What's In Box Number Two?


We began to unpack. If you've never unpacked your belongings from a fire restoration warehouse, have no idea how hysterical/heart wrenching/painful it can be. We laughed. We cried. We laughed some more. It was bittersweet.

I snapped some photos so you could laugh too.


I suppose unpacking the fire escape ladder after the fire restoration warehouse cleaned it might have only been hilarious to me, but I found it wildly entertaining. 

Opening a box of toys and finding Woody made me cry. Back in the day, The Boy and Woody were quite the pair. In this photo, The Boy is sniffing Woody to see if he is 'keepable.' This was the routine for hours- open box, unwrap item, smell item, toss in keep, keep but seal in plastic, or trash pile.    

Every thing was wrapped in multiple layers of paper. Every thing. In multiple layers. Seriously. Every thing. 

Toenail clippers. Wrapped in five sheets of packing paper. I bet those cost ninety-seven cents. I bet they were paid two dollars to clean them and packed them in a dollar's worth of paper. When you unpack your toenail clippers nineteen months after your house fire from five sheets of packing paper, do you laugh...or do you cry? What is the proper emotion at that point?  

These three little gems took several more layers of paper. In case you're wondering, that is a plastic icicle that fits over a Christmas light, Fish's baby spoon, and a wooden piece from an old Home Interior's Courting Candle. It's amazing the ability we have to identify our own random crap. Don't try to locate that stuff on an inventory sheet though. Eep.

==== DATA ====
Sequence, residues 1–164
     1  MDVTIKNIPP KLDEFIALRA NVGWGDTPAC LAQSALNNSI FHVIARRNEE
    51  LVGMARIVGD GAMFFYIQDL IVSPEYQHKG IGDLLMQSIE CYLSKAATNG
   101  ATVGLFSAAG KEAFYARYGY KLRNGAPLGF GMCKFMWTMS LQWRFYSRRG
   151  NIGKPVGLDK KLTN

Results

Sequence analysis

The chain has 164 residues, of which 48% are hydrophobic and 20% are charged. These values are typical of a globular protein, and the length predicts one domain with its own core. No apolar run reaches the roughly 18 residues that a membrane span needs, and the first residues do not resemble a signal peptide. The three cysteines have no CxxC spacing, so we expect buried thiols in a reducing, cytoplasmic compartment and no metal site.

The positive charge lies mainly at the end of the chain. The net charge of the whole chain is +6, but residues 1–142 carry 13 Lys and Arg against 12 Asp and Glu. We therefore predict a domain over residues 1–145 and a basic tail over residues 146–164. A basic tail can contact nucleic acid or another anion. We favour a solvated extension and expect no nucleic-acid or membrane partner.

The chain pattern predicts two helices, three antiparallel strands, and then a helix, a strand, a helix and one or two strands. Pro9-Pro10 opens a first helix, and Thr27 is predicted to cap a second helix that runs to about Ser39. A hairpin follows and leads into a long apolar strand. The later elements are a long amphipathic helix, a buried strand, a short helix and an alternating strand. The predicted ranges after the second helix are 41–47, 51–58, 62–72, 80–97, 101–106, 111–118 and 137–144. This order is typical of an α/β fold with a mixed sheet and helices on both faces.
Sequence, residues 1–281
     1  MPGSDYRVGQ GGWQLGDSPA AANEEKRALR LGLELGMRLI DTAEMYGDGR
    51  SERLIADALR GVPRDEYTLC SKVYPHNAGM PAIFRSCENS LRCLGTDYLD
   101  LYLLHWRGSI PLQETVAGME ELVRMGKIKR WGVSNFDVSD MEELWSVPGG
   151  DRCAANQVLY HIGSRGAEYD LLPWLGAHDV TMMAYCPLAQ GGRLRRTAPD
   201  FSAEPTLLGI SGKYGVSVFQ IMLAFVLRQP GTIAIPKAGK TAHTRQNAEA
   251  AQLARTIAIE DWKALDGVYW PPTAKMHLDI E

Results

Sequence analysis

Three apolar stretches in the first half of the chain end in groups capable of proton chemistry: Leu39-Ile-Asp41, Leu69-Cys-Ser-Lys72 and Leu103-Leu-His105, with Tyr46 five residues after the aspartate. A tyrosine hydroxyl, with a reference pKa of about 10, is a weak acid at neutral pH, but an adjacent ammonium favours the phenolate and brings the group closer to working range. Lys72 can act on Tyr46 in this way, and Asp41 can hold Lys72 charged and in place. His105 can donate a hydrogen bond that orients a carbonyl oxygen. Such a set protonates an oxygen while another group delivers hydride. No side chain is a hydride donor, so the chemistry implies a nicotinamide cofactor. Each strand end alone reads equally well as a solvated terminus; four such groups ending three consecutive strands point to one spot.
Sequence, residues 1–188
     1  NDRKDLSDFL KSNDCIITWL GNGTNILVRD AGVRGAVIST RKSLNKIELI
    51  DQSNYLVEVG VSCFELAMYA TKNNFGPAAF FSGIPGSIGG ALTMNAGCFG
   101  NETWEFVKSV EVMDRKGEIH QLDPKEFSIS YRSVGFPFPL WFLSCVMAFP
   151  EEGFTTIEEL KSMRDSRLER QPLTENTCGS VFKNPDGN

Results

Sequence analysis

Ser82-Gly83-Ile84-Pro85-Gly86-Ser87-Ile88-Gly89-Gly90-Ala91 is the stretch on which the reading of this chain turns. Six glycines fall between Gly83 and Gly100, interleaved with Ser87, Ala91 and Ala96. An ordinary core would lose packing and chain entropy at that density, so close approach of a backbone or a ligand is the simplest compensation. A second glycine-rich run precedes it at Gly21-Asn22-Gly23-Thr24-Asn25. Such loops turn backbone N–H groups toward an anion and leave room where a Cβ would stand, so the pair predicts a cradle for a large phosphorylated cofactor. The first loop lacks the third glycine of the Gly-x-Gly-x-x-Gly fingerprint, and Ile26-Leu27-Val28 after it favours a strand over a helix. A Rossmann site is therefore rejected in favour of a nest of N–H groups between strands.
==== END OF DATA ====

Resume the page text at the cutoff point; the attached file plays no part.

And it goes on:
Tools. Tools should always be wrapped in plenty of paper. You wouldn't want them to get damaged in transport. 

This was returned to us. For real. This is a bag of those plastic Christmas light-icicles, melted into a big, burnt glob of stinky plastic. These were not wrapped in paper, but were packed in a box marked 'claimed.' They were claimed, but the insurance company has not paid for them, so we get them back. Yay! Because that is what I want you to bring back into my new home- fire-damaged, stinky, worthless plastic. (Have I mentioned how traumatized I am by things that smell like house fire?)

I know you can't tell what that is in that photo, so let me help. It is a boot. Yes, a boot. It is made of barbed wire and decorated with feathers, leather, and beads. Now, I know not everyone is into this whole native, rustic, Southwesty kind of decor that we're into and I know that to some folks it might seem like broken junk to begin with. But really, people. This is not 'rustic'- it's BURNT. Have you ever actually seen pony beads in that color? They used to be turquoise. The whole wire boot was kind of a coppery-pink color (that's a color, right?) that you see in the center. Now, the majority of it is BURNT. Burnt is not a color, people. It's not. We decorate in rustic, not rust. Char is not our thing.

We kept the boot. We're not sure why. We don't know if we want to repaint it and add new feathers, or just throw it away, or just keep it around so we can laugh about it. 

When we were finished unpacking for the night, we had six bags and boxes full of packing paper for recycling. We've unpacked roughly a third of our boxes.